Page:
Presentation on theme: "2 Explain how to implement green fleets Learn about incentives for converting to biodiesel fleets Learn about the availability and cost of biodiesel."— Presentation transcript:
2 Explain how to implement green fleets Learn about incentives for converting to biodiesel fleets Learn about the availability and cost of biodiesel fuel Identify the advantages of using biodiesel Understand how to safely handle biodiesel Objectives
3 Why use green fleets? Reduce operating costs Reduce greenhouse gas emissions Improve corporate image Greening of Fleets
4 How to Implement Green Fleets Get buy-in Create long-term objectives Avoid setting reduction goals in absolute numbers Anticipate obstacles Move slowly Improve vehicle use Track and report progress
5 Conventional diesel = refined petroleum Emissions/pollution concerns Dependence on foreign petroleum supplies Biodiesel = fuel made from natural products Domestically produced Similar to conventional diesel Soy methyl ester diesel (SME) Biodiesel Fleets
Did You Know? 7 Hundreds of U.S. fleets, representing more than 25,000 vehicles from commercial, government, utility, and transit use, currently run on biodiesel. Source: Biodiesel.org.
8 B20 = most common blend B5 and B2 also popular Heavy-duty vehicles: Buses Farm equipment Military vehicles Biodiesel Fleets Figure 1: Biodiesel-fueled bucket truck. Source: AFDC.
9 Biodiesel benefits: Betterment of health and environment Efficiency of our economy Sustained strategic energy security Reduced dependence on foreign oil Pure biodiesel is: Nontoxic Biodegradable Sulfur-free
10 Incentives: Partnership initiatives and pooled resources Financial subsidiaries Informational tools Initial cost vs. federal and state incentives American Recovery and Reinvestment Act Clean Cities Program Incentives for Using Biodiesel in Fleets
11 Tax Incentives Internal Revenue Service tax credit $1.00/gallon for agri-based biodiesel $0.50/gallon for recycled cooking oil biodiesel Tax credits/rebates vary by state
12 Federal Grant Funding Federal government = largest grant provider U.S. Department of Energy U.S. Department of Transportation Environmental Protection Agency U.S. Department of Agriculture Different Opportunities from each agency
13 State Grant Funding State Energy Office National Association of State Energy Officials directory Alternative Fuels Data Center map Individualized fleet manager resources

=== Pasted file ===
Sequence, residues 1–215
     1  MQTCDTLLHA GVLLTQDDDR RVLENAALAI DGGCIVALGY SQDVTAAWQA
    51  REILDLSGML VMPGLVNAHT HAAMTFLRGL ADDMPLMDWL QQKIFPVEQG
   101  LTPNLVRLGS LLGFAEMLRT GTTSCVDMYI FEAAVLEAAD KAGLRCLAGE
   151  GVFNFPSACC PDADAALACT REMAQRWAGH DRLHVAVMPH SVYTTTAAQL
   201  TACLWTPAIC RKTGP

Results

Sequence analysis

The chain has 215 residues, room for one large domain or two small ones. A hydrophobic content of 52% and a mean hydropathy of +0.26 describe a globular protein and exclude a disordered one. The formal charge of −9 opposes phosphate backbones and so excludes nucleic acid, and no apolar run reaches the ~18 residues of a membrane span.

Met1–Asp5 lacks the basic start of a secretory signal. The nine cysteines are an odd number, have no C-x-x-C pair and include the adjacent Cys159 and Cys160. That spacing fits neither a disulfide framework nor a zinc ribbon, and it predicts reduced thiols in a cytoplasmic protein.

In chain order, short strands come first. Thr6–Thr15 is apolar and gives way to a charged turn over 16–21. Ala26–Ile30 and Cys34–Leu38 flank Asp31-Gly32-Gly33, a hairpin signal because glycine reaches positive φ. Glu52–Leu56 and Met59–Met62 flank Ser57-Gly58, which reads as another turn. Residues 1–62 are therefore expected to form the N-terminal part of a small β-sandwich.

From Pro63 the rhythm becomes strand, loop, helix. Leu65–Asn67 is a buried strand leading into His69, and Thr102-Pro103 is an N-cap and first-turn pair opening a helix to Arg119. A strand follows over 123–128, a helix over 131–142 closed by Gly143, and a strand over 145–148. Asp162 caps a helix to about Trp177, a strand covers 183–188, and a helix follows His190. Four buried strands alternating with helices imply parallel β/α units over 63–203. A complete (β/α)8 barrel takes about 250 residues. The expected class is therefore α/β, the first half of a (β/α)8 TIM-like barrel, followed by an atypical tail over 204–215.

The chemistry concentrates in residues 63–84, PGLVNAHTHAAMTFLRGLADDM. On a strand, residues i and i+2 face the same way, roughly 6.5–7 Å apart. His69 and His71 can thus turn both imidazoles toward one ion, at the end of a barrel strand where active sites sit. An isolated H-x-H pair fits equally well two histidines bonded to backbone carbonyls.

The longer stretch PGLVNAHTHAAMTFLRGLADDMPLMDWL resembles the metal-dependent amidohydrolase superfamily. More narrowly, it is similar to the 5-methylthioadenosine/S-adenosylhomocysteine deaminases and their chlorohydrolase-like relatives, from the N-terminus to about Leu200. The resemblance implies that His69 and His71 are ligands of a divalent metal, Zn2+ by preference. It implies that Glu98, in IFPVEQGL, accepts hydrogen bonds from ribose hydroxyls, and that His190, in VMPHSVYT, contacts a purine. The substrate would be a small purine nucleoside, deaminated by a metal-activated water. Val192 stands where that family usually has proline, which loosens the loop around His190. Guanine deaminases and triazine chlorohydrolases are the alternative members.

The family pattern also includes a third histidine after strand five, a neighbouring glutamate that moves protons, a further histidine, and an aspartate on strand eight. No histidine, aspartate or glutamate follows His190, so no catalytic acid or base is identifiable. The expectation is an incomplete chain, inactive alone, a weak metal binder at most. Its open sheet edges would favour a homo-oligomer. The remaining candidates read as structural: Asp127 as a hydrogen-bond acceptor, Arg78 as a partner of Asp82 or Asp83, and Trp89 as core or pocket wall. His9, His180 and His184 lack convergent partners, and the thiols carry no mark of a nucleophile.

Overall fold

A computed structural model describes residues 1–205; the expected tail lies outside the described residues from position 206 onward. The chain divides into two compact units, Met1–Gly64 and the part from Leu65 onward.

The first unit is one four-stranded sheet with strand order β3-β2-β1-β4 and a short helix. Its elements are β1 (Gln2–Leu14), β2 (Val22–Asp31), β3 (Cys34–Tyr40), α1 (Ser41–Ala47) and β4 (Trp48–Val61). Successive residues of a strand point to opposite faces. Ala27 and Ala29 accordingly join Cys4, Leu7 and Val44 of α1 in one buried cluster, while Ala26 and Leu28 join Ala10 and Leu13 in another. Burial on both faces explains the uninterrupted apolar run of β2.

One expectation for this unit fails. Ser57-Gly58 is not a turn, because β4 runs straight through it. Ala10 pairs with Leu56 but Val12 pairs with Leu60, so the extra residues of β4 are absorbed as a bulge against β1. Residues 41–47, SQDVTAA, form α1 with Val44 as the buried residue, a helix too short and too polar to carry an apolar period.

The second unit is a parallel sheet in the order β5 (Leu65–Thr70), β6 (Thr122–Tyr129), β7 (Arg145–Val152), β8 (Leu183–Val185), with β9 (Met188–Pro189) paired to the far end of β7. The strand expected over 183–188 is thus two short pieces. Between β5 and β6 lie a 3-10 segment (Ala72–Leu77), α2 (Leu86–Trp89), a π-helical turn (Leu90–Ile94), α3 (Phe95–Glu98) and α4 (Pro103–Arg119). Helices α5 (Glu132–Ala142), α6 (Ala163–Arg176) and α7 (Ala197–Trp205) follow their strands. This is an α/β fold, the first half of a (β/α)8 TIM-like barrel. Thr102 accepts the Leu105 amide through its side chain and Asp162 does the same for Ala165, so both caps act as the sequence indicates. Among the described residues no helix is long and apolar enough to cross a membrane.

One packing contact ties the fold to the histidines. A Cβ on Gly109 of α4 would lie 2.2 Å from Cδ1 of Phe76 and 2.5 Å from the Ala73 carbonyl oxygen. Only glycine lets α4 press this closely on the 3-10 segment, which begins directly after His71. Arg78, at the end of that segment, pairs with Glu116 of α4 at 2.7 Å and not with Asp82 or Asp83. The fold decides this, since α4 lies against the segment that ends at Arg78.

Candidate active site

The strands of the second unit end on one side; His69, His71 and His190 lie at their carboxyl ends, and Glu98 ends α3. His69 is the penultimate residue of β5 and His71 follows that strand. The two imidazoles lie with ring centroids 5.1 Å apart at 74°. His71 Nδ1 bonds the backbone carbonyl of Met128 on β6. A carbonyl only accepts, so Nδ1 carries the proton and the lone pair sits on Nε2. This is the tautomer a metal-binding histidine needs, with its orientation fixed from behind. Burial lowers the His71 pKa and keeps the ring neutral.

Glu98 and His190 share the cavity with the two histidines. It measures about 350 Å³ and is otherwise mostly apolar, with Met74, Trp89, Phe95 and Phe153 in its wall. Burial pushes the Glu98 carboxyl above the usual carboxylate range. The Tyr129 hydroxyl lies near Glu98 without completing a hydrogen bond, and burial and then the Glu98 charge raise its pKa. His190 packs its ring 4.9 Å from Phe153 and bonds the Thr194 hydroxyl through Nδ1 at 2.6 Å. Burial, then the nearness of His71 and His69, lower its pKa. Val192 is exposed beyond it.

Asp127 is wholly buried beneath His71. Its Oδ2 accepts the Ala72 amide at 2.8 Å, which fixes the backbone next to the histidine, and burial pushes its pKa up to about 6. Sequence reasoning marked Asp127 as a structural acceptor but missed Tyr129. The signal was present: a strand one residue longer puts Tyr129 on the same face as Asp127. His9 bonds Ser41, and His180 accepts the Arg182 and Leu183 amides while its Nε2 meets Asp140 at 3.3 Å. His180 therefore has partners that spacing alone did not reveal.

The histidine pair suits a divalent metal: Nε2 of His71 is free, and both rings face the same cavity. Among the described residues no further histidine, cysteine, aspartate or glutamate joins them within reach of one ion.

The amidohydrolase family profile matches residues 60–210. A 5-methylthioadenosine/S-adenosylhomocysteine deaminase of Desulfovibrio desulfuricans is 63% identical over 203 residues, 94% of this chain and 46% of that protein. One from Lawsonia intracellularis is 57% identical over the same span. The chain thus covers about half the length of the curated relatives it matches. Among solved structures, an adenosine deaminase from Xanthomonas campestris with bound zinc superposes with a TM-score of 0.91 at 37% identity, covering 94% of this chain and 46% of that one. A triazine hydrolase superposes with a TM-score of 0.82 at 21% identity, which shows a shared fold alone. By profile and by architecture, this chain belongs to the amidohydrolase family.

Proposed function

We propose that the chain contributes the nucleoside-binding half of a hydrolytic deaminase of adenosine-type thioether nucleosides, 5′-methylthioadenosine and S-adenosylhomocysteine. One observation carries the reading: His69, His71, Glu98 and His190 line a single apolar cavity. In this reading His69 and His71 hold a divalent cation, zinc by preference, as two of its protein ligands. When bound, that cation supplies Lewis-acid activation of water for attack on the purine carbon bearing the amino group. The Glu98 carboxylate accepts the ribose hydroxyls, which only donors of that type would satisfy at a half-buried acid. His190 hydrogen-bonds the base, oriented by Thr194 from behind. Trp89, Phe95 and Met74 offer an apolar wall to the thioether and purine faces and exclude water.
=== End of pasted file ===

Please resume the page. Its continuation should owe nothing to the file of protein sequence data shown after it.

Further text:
14 Incentives for Biodiesel Production U.S. Department of Agriculture Farm Service Agency Biomass Crop Assistance Program: Payment matching for delivery of material to processing Contracts with the Commodity Credit Corporation Feedstock Flexibility Program for Bioenergy Producers
15 Federal incentives are available for producers of bioenergy feedstock. To learn more, visit:
16 Biodiesel is global European Union produces large amounts of biodiesel U.S. = more than 2,800 retailers 15 manufacturers, more than 17 models Biodiesel Availability and Cost
20 Domestic production – renewable resources Compatible with most diesel engines Fewer particulate matter/greenhouse gas emissions No new fueling infrastructure needed Creation of jobs Rural development Biodegradable Nontoxic Safe to handle Biodiesel Advantages
21 Things to Consider Blends above B5 – warranties Lower fuel economy/power More expensive Higher nitrogen oxide emissions B100 not suitable in low temperatures B100 vs. engine durability
22 Similarity to ultralow-sulfur diesel: Fuel consumption Horsepower Torque Hauling capabilities Little/no engine and infrastructure modifications Increased lubricity Biodiesel Performance and Safety
23 Performance Fuel filter issues Cold weather: Thickening Cloud point Pour point Different blends Cold flow preparation
24 Biodiesel Performance Summary Similar horsepower to diesel Natural lubricant Cleans engines Faster ignition Poor cold flow properties
25 Safety Less combustible More biodegradable Higher flashpoint Diamond placards Figure 4: NFPA 704 hazard placard for B100 biodiesel. Source: NFPA.
26 Safety Possible combustion Biodiesel-soaked items Follow specific handling steps Figure 5: Hazardous material UN 1993 placard for diesel. Source: USDOT, PHMSA.
28 1.True or False: The cost of biodiesel depends on the biodiesel blend. (Ex: B20 costs less than B100) 2. Biodiesel is produced from feedstocks such as soy bean oil and vegetable oil. New research also suggests that ____________ can be made into biodiesel. 3.True or False: The biggest obstacle for widespread biodiesel use in fleets, and other alternative fuels, is lack of infrastructure. 4. List one of the three reasons mentioned in the text as to why the U.S. should use biodiesel. 5.True or False: Fleet managers should expect to change fuel filters after the first tank of biodiesel runs through their vehicle. Test Your Knowledge